Rheumatoid arthritis is a disease that causes the immune system to mistakenly attack joints in the body, most commonly affecting the wrists, fingers, ankles and knees. For patients with advanced forms of this condition, the symptoms of rheumatoid arthritis can be debilitating.
In the past, there was no way to tell whether a patient could develop RA during his or her lifetime. However, new genetic research has revealed a connection between a specific gene in the body and a possible diagnosis of rheumatoid arthritis.
The “Arthritis Gene”
Researchers have identified a flawed version of a gene that that isn’t present in healthy individuals or in people with other forms of arthritis, creating a unique situation where doctors may be able to perform a blood test to determine whether rheumatoid arthritis is likely.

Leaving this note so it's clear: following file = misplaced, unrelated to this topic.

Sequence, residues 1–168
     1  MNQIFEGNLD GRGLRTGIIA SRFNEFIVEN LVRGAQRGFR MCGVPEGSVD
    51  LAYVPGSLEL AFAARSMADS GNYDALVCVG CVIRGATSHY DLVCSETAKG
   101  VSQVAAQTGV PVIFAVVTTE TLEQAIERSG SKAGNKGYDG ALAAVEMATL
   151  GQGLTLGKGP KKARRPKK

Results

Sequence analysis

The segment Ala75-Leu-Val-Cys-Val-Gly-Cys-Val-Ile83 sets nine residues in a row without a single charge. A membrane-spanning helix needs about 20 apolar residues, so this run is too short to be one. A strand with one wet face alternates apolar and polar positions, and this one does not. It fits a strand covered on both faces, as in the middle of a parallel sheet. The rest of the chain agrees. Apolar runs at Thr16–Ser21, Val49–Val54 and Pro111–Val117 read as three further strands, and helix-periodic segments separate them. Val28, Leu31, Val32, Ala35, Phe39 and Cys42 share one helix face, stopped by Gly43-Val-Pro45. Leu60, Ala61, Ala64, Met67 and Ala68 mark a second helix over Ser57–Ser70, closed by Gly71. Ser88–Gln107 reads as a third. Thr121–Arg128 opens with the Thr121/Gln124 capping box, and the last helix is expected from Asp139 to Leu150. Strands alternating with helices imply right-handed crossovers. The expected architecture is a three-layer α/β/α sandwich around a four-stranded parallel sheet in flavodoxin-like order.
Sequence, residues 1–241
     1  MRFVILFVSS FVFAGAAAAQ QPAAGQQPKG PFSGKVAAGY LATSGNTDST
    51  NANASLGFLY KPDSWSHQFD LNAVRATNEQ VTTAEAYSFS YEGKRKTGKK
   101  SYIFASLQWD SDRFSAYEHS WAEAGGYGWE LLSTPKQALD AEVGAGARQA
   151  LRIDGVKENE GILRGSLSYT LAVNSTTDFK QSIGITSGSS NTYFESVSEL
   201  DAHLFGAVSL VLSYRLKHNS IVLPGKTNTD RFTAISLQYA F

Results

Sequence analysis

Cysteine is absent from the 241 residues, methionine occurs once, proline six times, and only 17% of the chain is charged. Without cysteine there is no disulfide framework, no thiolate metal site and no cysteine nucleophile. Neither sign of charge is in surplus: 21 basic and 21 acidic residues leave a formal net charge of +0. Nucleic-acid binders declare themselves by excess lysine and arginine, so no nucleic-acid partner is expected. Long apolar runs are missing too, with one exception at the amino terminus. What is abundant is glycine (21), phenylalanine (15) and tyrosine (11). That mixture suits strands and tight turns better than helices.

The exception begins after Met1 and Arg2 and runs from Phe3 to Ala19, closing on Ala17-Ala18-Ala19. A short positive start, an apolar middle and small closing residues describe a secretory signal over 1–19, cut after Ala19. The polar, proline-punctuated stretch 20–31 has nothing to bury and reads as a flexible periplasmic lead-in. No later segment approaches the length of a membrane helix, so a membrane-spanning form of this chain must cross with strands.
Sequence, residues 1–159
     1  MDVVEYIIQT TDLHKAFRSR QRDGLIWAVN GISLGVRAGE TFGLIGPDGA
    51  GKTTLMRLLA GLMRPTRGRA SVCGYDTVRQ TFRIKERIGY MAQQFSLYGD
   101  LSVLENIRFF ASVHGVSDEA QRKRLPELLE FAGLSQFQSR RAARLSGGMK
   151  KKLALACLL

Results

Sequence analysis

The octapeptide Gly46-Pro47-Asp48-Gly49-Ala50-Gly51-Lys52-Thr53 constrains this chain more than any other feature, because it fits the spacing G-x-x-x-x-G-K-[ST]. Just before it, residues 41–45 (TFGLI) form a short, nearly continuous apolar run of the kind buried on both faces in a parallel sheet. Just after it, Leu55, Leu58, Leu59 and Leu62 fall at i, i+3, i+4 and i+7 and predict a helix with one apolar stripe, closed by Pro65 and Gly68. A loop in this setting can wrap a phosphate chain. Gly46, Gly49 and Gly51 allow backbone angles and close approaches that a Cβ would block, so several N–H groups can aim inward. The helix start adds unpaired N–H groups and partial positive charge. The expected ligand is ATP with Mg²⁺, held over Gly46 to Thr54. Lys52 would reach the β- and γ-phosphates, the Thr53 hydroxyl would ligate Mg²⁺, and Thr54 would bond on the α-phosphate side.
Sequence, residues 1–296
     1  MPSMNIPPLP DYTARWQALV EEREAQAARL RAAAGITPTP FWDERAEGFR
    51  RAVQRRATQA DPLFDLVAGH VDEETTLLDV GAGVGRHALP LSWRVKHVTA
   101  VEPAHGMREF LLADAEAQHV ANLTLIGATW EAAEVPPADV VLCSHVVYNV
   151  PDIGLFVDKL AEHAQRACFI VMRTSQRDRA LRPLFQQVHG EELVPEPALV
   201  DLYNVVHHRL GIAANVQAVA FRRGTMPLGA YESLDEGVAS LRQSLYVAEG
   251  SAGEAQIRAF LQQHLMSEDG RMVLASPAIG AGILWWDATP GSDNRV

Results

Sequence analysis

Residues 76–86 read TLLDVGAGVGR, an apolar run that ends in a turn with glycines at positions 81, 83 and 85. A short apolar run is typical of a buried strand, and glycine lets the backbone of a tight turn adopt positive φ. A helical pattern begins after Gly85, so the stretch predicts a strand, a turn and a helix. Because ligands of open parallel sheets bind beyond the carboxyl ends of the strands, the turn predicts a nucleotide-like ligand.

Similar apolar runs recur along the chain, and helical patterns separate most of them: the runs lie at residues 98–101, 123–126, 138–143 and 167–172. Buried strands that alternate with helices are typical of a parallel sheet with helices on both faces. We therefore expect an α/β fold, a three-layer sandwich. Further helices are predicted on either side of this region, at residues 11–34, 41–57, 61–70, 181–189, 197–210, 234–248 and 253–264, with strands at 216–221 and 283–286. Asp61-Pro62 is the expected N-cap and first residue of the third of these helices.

The presence of the flawed gene was connected strongly with severe forms of rheumatoid arthritis that greatly impact quality of life. This research offers patients who have a positive arthritis diagnosis earlier detection of potential problems.
Knowing whether a patient is at risk for further disease development can help doctors decide which treatment options are best.
Most forms of arthritis are treated with a combination of drugs designed to reduce pain and lifestyle changes that lower inflammation. However, special drugs are used for rheumatoid arthritis that are used to moderate immune function and prevent joint damage.
Patients who test positive for the “arthritis gene” could be given stronger arthritis drugs to delay the progression of their illness and prevent symptoms from occurring. Treating these symptoms early may prevent the joint and tissue damage commonly caused by severe forms of arthritis.